March 20, 2012 |
In a court decision that could exist only in our modern age, a man in Ohio was given the choice of posting a court-approved apology to his estranged wife on his Facebook page every day for 30 days, or facing up to 60 days of jail time. Mark Byron, a photographer in Cincinnati, chose the forced Facebook apology, until suddenly he didn't. On day 26 he abruptly stopped posting the lengthy apology written by the court magistrate, saying it violated his right to free speech. Byron told the Associated Press he was willing to go to jail to protect his rights, but it turns out that it won't be necessary. Judge Jon Seive of Hamilton County Domestic Court said Monday that the man had posted the Facebook apology long enough, the AP reported.
September 16, 2012
Re "Romney's opportunism," Editorial, Sept. 13 The editorial is off the mark. The Middle East has undergone a historic shift. How the United States conducts its foreign policy there is always important and often decisive. The direction that the president has steered the State Department ship counts. But rather than raising valid questions about the Obama administration's handling of a monumental international crisis, rather than exploring the root causes of why American embassies are under assault, your editorial lambasts Mitt Romney for failing to raise his hand before he spoke.
May 15, 2006
Re "Kaiser Official Apologizes," May 11 Kaiser Permanente's apology comes too late for my husband, Ruben Porras, who died Oct. 20, 2005. My husband suffered for five years while undergoing daily dialysis treatments. He had countless procedures and hospitalizations relating to kidney failure. Kaiser's apology means nothing to me. I was left without a husband, my two children without a father and my grandchildren without their papa. I trusted Kaiser with Ruben's healthcare; I never once thought they would put cost before patients' lives.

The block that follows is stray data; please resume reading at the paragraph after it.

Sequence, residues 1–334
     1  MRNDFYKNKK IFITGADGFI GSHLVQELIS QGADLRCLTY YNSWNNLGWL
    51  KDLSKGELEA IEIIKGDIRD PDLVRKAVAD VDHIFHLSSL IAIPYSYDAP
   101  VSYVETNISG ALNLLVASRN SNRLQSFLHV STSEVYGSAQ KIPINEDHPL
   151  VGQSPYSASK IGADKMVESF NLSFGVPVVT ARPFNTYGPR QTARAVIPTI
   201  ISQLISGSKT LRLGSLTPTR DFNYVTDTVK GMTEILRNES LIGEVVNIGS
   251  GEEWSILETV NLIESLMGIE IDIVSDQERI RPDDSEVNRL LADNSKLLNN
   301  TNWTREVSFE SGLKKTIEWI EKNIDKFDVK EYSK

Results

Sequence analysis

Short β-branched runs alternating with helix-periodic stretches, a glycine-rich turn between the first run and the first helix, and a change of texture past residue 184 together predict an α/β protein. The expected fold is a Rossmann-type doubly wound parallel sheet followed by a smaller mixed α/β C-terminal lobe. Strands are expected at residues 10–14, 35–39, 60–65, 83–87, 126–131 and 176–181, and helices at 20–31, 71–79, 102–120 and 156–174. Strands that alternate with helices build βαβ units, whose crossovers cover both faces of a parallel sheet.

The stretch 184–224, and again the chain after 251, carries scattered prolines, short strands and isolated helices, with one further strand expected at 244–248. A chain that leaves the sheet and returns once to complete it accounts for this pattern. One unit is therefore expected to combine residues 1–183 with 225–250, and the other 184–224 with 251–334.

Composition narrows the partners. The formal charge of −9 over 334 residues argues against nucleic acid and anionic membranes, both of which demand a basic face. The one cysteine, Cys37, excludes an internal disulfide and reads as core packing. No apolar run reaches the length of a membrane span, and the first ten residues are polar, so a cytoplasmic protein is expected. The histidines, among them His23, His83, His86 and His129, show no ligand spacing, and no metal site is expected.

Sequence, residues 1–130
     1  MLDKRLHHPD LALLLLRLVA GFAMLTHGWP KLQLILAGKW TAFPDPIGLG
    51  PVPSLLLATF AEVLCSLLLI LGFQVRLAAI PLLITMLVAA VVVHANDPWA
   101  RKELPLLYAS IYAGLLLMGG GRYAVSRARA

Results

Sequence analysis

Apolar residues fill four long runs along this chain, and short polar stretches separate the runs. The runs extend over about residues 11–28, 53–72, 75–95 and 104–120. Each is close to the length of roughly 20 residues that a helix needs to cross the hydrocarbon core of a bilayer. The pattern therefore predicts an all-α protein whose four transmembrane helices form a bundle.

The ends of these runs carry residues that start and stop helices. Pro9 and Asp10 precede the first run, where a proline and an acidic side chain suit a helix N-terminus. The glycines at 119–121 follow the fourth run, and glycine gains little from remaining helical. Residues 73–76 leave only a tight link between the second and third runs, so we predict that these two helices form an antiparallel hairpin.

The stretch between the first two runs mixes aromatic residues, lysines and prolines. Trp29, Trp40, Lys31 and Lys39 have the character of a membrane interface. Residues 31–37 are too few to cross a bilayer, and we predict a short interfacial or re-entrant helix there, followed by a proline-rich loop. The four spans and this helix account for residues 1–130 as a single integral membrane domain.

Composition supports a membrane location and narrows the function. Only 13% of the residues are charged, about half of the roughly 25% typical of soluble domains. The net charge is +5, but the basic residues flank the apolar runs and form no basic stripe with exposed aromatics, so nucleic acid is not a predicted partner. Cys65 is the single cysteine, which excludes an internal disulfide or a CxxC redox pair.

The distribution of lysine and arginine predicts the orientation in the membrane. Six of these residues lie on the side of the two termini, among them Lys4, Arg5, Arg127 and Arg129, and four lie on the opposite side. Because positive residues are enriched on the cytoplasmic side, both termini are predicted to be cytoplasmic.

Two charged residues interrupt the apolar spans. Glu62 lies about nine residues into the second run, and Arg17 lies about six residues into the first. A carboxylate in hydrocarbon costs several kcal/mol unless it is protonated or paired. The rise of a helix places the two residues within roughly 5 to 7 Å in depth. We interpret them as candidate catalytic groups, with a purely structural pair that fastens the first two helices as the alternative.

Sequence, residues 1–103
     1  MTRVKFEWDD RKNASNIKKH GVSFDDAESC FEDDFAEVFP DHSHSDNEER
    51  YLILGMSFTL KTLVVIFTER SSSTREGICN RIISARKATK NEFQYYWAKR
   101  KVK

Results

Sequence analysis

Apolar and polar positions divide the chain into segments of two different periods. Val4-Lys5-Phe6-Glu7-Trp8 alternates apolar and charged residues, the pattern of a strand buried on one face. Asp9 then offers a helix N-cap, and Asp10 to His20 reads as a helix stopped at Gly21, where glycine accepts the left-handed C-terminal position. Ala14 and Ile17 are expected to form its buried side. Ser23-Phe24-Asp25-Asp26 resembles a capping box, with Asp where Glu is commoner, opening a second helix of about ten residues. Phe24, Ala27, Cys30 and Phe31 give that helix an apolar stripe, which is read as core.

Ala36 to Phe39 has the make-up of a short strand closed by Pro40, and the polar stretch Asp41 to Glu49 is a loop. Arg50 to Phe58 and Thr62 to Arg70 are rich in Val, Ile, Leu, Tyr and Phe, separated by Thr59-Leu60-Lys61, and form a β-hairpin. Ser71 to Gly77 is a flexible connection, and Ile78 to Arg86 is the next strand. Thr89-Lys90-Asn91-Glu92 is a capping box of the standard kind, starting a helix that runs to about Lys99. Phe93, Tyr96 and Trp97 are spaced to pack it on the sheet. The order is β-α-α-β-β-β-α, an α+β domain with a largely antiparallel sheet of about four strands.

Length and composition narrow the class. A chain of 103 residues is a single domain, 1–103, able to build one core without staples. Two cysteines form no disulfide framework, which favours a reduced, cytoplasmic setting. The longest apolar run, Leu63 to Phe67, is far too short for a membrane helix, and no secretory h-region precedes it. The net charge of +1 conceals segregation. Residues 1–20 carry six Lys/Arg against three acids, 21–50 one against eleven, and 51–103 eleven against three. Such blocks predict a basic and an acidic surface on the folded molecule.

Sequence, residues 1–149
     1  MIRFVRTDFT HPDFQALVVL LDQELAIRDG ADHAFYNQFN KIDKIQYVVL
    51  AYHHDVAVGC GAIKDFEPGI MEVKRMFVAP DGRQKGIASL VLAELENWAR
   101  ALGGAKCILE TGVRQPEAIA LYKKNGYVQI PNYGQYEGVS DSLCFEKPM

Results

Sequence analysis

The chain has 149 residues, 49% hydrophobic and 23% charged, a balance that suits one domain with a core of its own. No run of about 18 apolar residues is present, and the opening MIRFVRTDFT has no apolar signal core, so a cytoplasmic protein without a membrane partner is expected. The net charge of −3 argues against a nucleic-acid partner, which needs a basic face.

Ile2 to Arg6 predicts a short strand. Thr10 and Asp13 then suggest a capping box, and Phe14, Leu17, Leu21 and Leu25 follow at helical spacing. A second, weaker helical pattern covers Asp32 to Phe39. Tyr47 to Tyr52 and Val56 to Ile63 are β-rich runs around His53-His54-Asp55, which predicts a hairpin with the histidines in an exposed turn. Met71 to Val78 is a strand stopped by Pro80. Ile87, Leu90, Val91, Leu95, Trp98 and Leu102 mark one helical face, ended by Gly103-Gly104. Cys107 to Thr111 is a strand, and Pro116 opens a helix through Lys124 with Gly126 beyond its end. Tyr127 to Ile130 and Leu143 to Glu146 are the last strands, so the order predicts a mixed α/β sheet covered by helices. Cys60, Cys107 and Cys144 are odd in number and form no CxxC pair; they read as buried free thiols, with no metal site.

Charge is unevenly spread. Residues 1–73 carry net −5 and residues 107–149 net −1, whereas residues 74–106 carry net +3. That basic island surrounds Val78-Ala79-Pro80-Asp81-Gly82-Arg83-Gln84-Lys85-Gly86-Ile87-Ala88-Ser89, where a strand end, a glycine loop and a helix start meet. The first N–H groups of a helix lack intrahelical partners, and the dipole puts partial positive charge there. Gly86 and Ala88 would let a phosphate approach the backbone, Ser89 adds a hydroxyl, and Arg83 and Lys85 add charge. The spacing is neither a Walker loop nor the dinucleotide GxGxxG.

CALIFORNIA | LOCAL
April 12, 2001
I am very appalled at President Bush's wrongful apology to China. We did nothing to apologize for; however, China owes us an apology for its failed attempt at knocking our plane out of the air and then holding our American crew hostage for 11 days. President Bush, like former President Clinton, is bought and paid for by Communist China. The only thing we Republicans should be sorry for is voting for Bush. JOEL BROWN San Diego Isn't it about time that the U.N.'s World Court be allowed to settle disputes like the Chinese-American plane incident?
October 15, 2002
Re "Falwell Apologizes After Remarks Enrage Muslims," Oct. 13: Every year the Rev. Jerry Falwell has to issue a public apology for remarks he has made. In 2001 he apologized for stating that American liberals invited God's judgment in the Sept. 11 events. Now, in 2002, he has apologized to Muslims for asserting that Muhammad was a terrorist. How about a timely apology from the media for lifting Falwell from the anonymity of his country parsonage in Virginia? Does the right to free speech include a microphone to millions?
February 20, 2010
Reaction from across the golf sphere -- and elsewhere -- to Tiger Woods' apology speech: NOTAH BEGAY III, PGA Tour golfer and former Stanford teammate: "I was emotional and got a little choked up. . . . It's tough to get any man in America just to go to marriage counseling, let alone go into a 45-day rehabilitation. Plus he's going back tomorrow, and that tells me that he's trying to learn about the issues." TIM FINCHEM, PGA Tour commissioner: "There's some anger in quarters, but mainly it's a sense of sadness.